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New Study Shows Treatment of Chronic Low Back Pain
by a Physical Therapist Using Manipulation and Exercise Is Beneficial
Estimates are that low back pain affects 80% of the population at some point in their life. According to the authors of a study published in a 2003 summer edition of the medical journal Spine states, “Chronic low back pain is the most common complaint of the working-age population.” In the study, people with chronic low back pain treated by physical therapists using manual therapy spinal manipulation techniques and exercise were compared with people seen by a physician who gave them educational material alone. The research, done in Finland at the Rehabilitation Unit of the Orthopaedic Hospital Orton and the Universities of Helsinki and Tampere, takes into account that in Europe, manual therapy is recognized as a specialty area of physical therapy.
The authors of the study note that in addition to human suffering, chronic low back pain can cause a substantial economic burden to sufferers attributable to absence from work and the wide use of medical services. Often acute low back pain resolves with conservative treatment or without any treatment, but the back pain appears to recur and become chronic more often than expected.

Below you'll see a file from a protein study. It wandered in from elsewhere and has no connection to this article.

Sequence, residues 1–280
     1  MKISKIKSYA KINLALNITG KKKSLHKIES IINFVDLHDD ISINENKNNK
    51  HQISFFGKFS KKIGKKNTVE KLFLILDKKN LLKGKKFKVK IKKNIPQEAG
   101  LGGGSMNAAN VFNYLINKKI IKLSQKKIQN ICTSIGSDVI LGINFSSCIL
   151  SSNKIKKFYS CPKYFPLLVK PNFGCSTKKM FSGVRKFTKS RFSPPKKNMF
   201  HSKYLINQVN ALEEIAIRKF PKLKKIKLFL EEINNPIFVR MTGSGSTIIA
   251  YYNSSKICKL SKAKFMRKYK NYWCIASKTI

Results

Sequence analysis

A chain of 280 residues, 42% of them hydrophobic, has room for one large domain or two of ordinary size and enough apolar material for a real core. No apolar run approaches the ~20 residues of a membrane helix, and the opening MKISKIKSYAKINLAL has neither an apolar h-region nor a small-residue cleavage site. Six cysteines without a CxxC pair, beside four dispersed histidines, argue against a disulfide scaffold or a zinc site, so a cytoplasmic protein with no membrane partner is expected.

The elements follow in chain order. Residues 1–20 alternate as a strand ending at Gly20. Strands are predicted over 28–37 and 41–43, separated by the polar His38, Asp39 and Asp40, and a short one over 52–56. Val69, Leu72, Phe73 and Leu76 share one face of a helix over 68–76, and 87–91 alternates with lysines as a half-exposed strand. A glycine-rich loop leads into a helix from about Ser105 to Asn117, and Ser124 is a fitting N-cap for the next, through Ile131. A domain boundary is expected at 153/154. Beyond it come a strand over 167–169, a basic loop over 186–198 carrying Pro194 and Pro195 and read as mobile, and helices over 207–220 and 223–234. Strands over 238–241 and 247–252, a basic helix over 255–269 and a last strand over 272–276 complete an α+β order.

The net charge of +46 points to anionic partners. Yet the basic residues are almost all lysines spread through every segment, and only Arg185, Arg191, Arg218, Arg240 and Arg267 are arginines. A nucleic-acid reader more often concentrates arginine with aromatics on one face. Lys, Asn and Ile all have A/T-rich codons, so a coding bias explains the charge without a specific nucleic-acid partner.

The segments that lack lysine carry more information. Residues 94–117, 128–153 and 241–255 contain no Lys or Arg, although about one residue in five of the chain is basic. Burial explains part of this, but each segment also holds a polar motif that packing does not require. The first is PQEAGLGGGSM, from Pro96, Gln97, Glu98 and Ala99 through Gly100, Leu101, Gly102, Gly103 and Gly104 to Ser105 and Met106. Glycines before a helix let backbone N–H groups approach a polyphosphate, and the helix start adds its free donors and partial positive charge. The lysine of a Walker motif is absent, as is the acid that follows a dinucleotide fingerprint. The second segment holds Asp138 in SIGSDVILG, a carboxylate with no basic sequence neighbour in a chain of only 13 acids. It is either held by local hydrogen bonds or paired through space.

"As physical therapists, we’ve studied treatment of recent onset or acute low back pain using spinal manipulation," says physical therapist Kenneth A. Olson, president of the American Academy of Orthopaedic Manual Physical Therapists. "Now this study confirms our clinical experience that people with chronic, longstanding low back pain benefit substantially from treatment using manual therapy techniques of spinal manipulation along with exercise."
All participants in the study were clinically examined by a physician, provided with an educational booklet and given specific instructions on how to cope with low back pain. Most participants followed up with the MD at the end of the study. For the consultation group this was their only treatment.
Participants in the group that received physical therapy were treated for an average of four visits over four weeks. They received specific spinal manipulation using muscle energy technique and stabilizing exercises aimed at correcting the lumbopelvic rhythm.
At the five-month and one-year follow-ups, the physical therapy treatment group showed more significant reductions in pain intensity and in self-rated disability than the consultation group. Both groups showed similar improvement in health-related quality of life, decreased use of analgesic medications and less health care-related costs. Since the average duration of back pain for people in the study was six to eight years, the improvement was unlikely due to time alone, the study concludes.